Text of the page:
You can buy one of these suckers on Amazon and have it shipped in time for Christmas. - AMAZON.COM
  • You can buy one of these suckers on Amazon and have it shipped in time for Christmas.

As humans we want to tribe up. It is an evolutionary trait that helped us to defeat the neanderthal and build civilization as we know it. It can also be a very ugly trait. This desire to be true to our tribe can cause us to close our minds. 
This is a fact that has become way more obvious to me the more and the farther away that I personally travel. When you get to see the differences in other cultures, you are able to better understand just how much we are so culturally the same here in the United States. A Democratic American has way more in common culturally with a Republican American than a Bulgarian of any political affiliation. However, when it comes to the things that really matter, like friends, food, family, etc., we share these values with everyone across the planet. 

Since you wrote in this question, I am sure you really care about what happens to this country. You are concerned about the path we are on, and you are concerned about the future. I am guessing your Dad does too. He is concerned, he cares, and if he votes, then he is engaged and doing his civic duty. You just disagree. I don’t think I am going out on a limb saying that I could probably phrase political questions that could elicit the same response out of both you and your old man.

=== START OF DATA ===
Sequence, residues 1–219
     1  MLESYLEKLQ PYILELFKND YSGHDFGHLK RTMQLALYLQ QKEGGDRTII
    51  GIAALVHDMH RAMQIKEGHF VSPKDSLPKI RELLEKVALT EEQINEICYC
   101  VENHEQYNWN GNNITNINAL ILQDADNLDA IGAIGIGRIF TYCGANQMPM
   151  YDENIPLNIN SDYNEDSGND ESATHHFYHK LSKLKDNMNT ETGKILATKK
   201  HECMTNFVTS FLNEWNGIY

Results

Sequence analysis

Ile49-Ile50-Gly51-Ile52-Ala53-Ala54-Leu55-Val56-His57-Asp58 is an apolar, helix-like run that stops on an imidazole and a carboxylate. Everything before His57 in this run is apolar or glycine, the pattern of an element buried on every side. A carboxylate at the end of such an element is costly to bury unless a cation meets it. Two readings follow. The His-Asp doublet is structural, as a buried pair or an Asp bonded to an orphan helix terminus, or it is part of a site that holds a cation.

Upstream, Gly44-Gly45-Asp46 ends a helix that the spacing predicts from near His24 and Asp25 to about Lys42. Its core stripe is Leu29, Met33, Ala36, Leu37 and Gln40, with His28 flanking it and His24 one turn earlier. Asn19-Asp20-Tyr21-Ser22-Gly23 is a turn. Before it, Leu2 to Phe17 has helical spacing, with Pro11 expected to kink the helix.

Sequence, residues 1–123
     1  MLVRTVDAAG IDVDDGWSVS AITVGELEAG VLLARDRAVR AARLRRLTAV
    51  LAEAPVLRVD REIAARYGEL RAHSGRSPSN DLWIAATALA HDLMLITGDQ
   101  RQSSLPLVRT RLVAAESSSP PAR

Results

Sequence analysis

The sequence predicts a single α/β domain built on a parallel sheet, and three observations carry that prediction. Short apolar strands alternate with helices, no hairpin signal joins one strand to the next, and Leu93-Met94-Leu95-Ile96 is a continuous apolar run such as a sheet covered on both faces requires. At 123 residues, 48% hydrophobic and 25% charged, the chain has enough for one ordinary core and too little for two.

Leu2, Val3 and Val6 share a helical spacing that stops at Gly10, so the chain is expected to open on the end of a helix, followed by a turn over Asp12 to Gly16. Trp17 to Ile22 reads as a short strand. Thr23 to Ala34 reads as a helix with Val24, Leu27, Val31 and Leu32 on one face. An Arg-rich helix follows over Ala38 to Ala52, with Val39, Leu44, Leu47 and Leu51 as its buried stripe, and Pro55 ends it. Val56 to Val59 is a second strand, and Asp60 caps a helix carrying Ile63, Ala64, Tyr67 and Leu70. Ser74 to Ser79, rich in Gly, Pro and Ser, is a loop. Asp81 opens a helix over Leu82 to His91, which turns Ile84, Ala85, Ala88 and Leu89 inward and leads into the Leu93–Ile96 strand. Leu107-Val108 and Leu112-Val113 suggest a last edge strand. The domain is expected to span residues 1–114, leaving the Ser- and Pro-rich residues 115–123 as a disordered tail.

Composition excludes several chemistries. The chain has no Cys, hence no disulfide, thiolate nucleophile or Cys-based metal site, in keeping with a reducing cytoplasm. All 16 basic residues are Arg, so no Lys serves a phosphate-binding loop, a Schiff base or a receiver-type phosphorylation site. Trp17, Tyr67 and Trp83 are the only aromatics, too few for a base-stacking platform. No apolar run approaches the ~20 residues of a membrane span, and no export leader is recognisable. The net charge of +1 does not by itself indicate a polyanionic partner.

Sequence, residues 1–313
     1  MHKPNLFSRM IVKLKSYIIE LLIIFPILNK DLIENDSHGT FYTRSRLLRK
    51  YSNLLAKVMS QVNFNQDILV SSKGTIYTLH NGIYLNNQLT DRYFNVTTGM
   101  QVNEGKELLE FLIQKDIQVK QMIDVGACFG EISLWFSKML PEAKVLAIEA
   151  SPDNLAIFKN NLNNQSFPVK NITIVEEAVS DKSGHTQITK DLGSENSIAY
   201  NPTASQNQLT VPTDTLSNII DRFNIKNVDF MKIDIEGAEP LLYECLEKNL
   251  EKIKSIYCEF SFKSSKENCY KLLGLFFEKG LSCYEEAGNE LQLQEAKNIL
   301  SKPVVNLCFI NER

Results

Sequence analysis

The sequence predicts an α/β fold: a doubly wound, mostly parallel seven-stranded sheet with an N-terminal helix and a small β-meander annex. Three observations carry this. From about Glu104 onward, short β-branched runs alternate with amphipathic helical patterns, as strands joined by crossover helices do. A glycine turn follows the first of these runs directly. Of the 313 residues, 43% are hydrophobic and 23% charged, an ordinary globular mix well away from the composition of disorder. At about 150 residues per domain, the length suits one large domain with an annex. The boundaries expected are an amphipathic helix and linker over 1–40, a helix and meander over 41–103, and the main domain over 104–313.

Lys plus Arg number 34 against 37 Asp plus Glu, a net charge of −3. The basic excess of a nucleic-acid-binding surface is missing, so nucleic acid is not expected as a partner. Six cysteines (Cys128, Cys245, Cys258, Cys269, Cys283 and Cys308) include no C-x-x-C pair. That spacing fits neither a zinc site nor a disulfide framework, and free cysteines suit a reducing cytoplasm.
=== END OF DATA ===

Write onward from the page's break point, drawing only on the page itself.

In the earliest days of our nation, you wouldn’t call a political foe an “idiot” in public. It would mean an honor duel to the death. You would choose weapons and then one of you would literally be killed in a “fair” fight to the death. If Representative Joe Wilson had yelled, “You Lie” to the President of the United States, in the late 1700s and early 1800s, like he did in 2009, President Obama would have challenged him to a duel. One of them would have literally been killed.

Am I calling for a return to honor duels to the death? Of course I'm not, but I do long for the days when in disagreement you might start off by saying, “I know you to be gentleman and your character is beyond reproach, however I must respectfully disagree with you because…”

So in short, don't tell your dad he is crazy. If it is going to be an issue, then don’t bring it up at all. If politics does come up, then see if you can really explain what you believe without name calling or buzz phrases or parroting bloggers. See if you can really listen to your dad, and find out why he believes what he does. Maybe you can open his mind, maybe he can open your mind. Extremism on all sides leads to violence. The far right and the far left is just one economic catastrophe or tragedy from becoming ISIS. Stand up for what you believe, but I personally have way more respect for someone who can extend a hand in friendship to someone they disagree with. It is harder to compromise than it is to dig in your heels.

Presidents will come and go. Quit de-friending people who disagree, and remember you only have one dad, and he won’t be around forever. In the spirit of giving and Christmas, maybe you could find a place to volunteer with your dad that you both could get behind. It would go a lot farther toward making the world a better place than sharing a partisan Facebook post.

In that same spirit, I suggest you get your dad one of those Trump, “Make America Great Again” hats for Christmas. Think of it like raising the white flag of truce. The joke will be on him anyway, because regardless of what you believe politically, I think we can all agree those hats look ridiculous. Who designed them anyway?